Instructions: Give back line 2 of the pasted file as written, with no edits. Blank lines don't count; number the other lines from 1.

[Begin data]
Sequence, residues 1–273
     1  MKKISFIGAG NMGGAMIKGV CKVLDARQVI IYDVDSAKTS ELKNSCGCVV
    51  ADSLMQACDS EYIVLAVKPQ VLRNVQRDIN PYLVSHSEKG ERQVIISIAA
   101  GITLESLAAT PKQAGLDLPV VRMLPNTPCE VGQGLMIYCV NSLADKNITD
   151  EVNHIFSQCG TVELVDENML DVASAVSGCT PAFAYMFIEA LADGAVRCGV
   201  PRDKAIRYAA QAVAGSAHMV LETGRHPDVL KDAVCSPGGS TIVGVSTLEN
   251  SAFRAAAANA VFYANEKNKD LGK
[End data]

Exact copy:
     1  MKKISFIGAG NMGGAMIKGV CKVLDARQVI IYDVDSAKTS ELKNSCGCVV